The following information has been circulated on behalf of Police Scotland, Edinburgh Division
Police Scotland would like to remind you that banks will never ask you to transfer money over the phone. Please find advice below regarding this. Should you receive nuisance, scam or sales calls you may get in touch with your phone provider to enquire about any call blocking measures they can offer, or alternatively consider purchasing a Call blocker for your phone.
Police in Edinburgh have recently received reports of scam phone calls purporting to be from banks
Suspicious about a phone call from your “bank”?
Bogus callers can make contact with you by phone and claim to be from your bank or other trusted organisation.
A fraudster may advise you that there has been suspicious activity on your bank account and request you transfer all of your money into a 'safe account'. They may instruct you to hang up the phone and call a number provided by them. However, the fraudster will keep the line open, pretend to be a bank official and provide you with details of the 'safe account' and induce you to carry out the transfer of money in their account. Fraudsters are cunning, creative and often very convincing.
However, your bank will never:
Phone and ask you for your PIN or full banking password (even by tapping it into the phone keypad)
Request you to transfer money to another account
Ask you to withdraw money to hand over to them for safe-keeping
Send a courier to your home to collect your money, bank cards, PIN or cheque book.
If requested to provide personal or financial information, take time to think about it and remain calm
If in doubt, just hang up and never give out personal or financial information if you are unsure who you are dealing with and contact your bank on their official phone number
Fraudsters can make telephone numbers used to call you seem genuine, so don’t rely on this as verification
Call 101 to report any suspicious activity. If you feel scared or threatened call 999 and ask for the police.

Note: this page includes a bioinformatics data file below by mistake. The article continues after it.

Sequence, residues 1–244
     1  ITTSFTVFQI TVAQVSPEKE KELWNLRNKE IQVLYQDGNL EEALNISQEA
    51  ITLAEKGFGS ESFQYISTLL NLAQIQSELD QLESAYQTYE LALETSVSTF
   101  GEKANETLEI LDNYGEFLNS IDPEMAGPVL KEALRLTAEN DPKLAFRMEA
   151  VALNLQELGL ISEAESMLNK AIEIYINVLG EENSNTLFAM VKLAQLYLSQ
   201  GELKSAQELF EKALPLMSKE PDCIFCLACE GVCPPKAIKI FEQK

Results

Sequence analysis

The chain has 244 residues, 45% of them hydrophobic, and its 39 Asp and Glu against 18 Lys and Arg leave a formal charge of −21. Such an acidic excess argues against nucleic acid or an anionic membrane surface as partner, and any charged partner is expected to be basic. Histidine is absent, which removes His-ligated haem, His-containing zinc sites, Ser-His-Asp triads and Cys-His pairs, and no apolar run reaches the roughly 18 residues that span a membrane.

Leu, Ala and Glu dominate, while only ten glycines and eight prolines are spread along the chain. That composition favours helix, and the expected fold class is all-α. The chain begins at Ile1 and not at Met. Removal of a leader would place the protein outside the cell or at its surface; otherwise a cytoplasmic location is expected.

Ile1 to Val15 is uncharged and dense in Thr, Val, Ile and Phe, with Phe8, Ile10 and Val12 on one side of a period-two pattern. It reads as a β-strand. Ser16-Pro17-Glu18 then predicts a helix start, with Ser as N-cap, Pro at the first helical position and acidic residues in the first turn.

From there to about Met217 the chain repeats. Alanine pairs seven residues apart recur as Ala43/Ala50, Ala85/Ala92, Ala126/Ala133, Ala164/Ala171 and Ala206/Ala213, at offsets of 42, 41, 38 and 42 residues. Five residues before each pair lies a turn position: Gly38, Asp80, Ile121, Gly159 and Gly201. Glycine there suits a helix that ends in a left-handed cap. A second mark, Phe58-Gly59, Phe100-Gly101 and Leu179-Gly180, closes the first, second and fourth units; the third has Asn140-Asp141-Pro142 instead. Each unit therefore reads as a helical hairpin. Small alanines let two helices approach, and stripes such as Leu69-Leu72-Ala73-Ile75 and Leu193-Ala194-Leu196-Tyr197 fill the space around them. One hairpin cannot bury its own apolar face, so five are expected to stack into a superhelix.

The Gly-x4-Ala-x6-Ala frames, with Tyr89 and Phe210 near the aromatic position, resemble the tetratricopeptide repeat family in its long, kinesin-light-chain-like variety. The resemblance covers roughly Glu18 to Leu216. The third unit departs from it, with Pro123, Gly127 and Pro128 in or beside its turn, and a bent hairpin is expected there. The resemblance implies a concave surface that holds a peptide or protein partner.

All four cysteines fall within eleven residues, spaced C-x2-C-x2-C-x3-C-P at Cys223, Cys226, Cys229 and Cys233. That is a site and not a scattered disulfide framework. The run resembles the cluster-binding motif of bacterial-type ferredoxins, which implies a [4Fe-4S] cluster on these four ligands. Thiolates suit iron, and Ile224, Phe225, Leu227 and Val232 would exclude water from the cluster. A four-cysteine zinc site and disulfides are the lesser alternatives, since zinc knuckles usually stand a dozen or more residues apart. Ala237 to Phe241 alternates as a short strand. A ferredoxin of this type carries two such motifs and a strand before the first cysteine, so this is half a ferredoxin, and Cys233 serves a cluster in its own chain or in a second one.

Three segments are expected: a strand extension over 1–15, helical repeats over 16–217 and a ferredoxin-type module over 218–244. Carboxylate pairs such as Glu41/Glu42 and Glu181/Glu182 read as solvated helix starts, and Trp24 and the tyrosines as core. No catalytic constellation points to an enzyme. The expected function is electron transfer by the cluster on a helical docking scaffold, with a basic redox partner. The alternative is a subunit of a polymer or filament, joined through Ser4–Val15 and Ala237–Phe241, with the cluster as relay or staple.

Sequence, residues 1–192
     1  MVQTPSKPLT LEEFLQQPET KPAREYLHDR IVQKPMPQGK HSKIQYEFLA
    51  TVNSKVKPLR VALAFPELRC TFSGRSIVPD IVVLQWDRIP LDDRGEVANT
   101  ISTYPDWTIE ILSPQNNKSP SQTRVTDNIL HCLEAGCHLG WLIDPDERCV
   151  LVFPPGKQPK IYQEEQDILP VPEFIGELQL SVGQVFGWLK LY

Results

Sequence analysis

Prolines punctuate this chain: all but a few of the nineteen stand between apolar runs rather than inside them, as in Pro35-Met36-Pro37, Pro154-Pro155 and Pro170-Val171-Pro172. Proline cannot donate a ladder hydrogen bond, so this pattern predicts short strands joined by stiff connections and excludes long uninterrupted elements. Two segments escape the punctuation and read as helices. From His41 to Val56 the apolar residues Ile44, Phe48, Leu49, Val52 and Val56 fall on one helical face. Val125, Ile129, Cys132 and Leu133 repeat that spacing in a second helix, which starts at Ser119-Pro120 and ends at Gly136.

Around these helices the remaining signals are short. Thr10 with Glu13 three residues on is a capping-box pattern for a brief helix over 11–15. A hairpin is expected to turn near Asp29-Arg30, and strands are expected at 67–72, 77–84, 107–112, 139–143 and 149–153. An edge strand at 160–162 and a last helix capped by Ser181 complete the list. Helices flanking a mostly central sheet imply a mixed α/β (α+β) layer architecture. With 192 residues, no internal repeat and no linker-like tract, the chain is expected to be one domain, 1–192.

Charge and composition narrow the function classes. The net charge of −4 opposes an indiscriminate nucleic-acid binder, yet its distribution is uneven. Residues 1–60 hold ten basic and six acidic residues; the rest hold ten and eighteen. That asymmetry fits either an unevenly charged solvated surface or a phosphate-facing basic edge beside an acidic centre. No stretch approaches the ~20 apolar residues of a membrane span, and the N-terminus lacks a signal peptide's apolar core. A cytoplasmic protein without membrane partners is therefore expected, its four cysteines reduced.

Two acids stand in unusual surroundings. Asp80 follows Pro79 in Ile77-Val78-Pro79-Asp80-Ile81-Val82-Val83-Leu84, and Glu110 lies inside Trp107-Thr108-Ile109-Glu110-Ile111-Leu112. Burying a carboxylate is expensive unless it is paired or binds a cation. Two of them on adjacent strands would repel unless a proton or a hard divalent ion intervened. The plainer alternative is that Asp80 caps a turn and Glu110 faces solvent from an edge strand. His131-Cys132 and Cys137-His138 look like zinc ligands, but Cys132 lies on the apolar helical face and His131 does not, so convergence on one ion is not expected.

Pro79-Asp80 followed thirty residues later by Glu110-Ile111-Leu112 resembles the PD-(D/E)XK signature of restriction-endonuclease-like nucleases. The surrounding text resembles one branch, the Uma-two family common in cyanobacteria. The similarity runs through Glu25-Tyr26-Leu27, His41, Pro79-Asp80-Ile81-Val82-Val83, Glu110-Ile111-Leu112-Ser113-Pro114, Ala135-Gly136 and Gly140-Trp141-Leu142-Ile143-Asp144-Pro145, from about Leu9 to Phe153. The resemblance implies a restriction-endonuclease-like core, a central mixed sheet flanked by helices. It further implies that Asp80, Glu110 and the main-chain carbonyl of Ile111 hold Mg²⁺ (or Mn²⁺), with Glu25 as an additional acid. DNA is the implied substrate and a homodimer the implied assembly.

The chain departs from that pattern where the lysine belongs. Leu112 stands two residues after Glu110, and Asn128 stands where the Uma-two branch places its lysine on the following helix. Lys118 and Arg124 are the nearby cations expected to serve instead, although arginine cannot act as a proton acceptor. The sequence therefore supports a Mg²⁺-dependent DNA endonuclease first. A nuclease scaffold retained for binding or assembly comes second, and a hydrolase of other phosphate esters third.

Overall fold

Check our website for more information, tips and advice from us and our partners: https://www.scotland.police.uk/advice-and-information/scams-and-frauds/
Advice and information on bank scams and frauds can also be found on Trading Standards Scotland (Scam Share) link: https://www.tsscot.co.uk/news/scam-share/
Do not press 1 or follow any other instructions given in an automated message.
If you are speaking to a person, don’t give them any personal information or bank details, even if they seem to know some of your details already
Don’t click on any buttons or links in unsolicited emails, even if they look official
Contact your bank immediately if you think you may have made a payment to a scammer or if you are worried that a fraudulent transaction has been made from your account. Use the phone number on your bank statement or a publicly listed number (don’t use a number given to you by a cold caller).
To ensure that you are disconnected from the cold caller, phone another number such as 123 before phoning your bank or call them from another phone
Report bank scams to Advice Direct Scotland. You can also report scam emails to the NCSC
If you have been the victim of fraud, report this to Police Scotland on 101
Message Sent By
Willie Clark (NHWN, National Co - ordinator, Neighbourhood Watch Scotland)